Excerpts from "the first rough draft of history" as reported in

The Washington Post on this date in the 20th century.

After cutting short a national tour to drum up support for U.S. participation in the faltering League of Nations, President Woodrow Wilson suffered a paralytic stroke that left him an invalid for the rest of his life. Wilson's second wife, Edith, decided it would be better for him to stay in office than to resign, and for many months it was she who determined who saw the president and to what business he would attend. She even guided his hand when he had to sign official documents. Critics took to calling her "the first woman president," although she denied shaping policy. An excerpt from The Post of Oct. 3, 1919:

By Albert Fox

President Wilson's condition has taken a decidedly unfavorable turn and precautionary measures have at once been taken to guard against a complete nervous breakdown. Dr. F.X. Dercum, one of the leading neurologists of the country, has been summoned from Philadelphia and with four other specialists is assisting Rear Admiral Cary T. Grayson, the President's personal physician on the case.

Former Secretary of the Treasury W.G. McAdoo, the President's son-in-law, has arrived from the West, and his daughter, Mrs. McAdoo, is on the way here. Another daughter, Mrs. Sayre, is on her way from Boston.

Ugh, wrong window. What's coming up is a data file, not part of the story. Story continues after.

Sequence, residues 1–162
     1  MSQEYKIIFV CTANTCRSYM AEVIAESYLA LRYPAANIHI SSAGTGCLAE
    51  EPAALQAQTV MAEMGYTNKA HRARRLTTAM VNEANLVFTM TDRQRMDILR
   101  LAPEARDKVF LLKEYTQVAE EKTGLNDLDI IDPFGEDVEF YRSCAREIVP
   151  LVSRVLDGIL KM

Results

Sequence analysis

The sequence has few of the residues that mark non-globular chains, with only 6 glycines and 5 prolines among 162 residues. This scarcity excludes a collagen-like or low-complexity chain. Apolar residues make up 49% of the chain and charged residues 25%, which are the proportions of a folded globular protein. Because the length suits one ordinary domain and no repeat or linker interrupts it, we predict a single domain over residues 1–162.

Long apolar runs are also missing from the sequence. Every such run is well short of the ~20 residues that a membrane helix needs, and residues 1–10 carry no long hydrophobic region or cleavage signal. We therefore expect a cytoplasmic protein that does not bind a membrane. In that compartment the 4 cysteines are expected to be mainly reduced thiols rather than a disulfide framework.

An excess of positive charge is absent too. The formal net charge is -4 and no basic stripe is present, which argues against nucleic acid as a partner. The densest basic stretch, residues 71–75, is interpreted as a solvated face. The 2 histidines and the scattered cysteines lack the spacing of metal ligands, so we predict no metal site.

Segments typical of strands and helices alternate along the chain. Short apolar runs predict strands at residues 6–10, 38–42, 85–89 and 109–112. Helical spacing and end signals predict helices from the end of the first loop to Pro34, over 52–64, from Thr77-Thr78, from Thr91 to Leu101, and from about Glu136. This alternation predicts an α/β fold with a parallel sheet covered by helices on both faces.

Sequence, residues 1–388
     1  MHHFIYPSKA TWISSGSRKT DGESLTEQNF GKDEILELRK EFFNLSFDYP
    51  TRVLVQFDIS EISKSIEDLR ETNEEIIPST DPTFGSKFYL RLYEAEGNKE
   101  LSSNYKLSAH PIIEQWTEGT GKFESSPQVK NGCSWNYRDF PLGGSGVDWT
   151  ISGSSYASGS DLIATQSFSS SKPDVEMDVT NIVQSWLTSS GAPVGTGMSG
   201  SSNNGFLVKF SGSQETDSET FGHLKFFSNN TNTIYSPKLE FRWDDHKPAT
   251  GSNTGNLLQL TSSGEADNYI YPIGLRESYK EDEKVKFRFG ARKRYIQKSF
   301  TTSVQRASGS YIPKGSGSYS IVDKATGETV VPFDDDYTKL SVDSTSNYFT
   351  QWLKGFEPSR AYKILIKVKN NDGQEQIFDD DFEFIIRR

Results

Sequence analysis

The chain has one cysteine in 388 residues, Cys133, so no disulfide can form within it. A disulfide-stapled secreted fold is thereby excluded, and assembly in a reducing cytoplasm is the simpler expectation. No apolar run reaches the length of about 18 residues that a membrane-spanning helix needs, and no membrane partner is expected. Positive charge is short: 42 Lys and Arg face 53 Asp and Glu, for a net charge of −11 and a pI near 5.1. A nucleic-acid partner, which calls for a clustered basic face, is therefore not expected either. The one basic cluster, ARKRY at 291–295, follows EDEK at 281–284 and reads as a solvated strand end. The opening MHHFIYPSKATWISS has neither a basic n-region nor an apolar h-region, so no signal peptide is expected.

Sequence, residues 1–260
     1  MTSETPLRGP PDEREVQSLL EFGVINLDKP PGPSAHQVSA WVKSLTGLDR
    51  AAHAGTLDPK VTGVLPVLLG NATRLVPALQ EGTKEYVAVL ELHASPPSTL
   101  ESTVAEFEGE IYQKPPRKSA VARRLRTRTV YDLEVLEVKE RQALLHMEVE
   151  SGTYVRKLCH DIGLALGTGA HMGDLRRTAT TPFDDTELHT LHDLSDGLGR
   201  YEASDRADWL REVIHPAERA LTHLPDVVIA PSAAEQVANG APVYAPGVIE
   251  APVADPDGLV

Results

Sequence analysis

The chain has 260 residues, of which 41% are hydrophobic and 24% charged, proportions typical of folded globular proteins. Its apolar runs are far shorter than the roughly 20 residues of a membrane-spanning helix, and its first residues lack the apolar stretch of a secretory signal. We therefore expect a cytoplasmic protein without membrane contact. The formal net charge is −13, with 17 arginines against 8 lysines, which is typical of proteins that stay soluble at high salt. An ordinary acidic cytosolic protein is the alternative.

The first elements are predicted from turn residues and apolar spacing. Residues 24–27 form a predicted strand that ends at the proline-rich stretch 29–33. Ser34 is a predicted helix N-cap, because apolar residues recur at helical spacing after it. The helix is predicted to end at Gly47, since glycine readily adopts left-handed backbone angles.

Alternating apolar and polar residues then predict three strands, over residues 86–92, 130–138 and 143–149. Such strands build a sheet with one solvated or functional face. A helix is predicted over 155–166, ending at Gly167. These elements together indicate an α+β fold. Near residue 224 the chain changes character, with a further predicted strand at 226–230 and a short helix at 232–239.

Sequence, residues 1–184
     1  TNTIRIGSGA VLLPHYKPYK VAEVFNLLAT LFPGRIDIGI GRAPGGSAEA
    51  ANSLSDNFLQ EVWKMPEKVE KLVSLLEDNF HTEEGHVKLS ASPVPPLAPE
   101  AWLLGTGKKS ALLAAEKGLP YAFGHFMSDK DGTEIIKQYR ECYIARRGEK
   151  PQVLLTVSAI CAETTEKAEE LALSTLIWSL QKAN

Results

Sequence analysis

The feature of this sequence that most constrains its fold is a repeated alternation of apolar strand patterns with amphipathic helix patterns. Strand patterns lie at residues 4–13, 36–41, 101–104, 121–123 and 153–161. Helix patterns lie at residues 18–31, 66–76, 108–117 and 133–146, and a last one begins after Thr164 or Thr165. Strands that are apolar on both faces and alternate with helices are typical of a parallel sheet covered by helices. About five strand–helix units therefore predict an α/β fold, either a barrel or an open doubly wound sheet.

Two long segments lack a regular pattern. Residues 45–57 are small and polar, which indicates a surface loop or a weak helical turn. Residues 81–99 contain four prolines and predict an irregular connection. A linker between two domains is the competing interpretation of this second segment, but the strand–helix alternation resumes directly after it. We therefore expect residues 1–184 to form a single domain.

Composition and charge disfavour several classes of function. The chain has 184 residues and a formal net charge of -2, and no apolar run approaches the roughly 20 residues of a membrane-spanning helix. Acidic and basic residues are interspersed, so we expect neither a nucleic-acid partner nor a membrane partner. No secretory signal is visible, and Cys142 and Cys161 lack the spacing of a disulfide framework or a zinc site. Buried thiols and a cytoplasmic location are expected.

After a two-hour consultation at the President's bedside between Dr. Dercum, Rear Admiral E.R. Stitt, head of the Naval Medical School; Capt. John H. Dennis, director of the naval dispensary; Dr. Sterling Ruffin, Mrs. Wilson's family physician, and Admiral Grayson, the following bulletin was issued by the latter:

"10:00 p.m. -- The President is a very sick man. His condition is less favorable today and he has remained in bed throughout the day. ...

Dr. Grayson's diagnosis of the case was concurred in unanimously by the specialists. At 11 o'clock yesterday morning, Dr. Grayson issued the following bulletin:

"The President had a fairly good night but his condition is not at all good this morning." ...

For the first time since the President's illness he has been obliged to stay in bed and it was very evident that Dr. Grayson was much worried over his patient's condition, though this does not necessarily mean, it is explained, that there is immediate cause for alarm.

The President, despite the unfavorable turn in his condition, did not want to have specialists called, and it took considerable persuasion on the part of Dr. Grayson to convince him that this step was wise.

Only after Dr. Grayson had said that he himself needed relief from this strain did the President finally consent. ...

The suggestion of Dr. Grayson that the President spend part of the day in the White House grounds, getting the benefit of the open air, did not appeal to the President, and signs of exhaustion were otherwise manifest.

The President's illness is diagnosed as "nervous exhaustion," but the danger is that the present attack of neurasthenia may develop into nervous prostration, in which case it would be many months before the President would be able to resume his duties.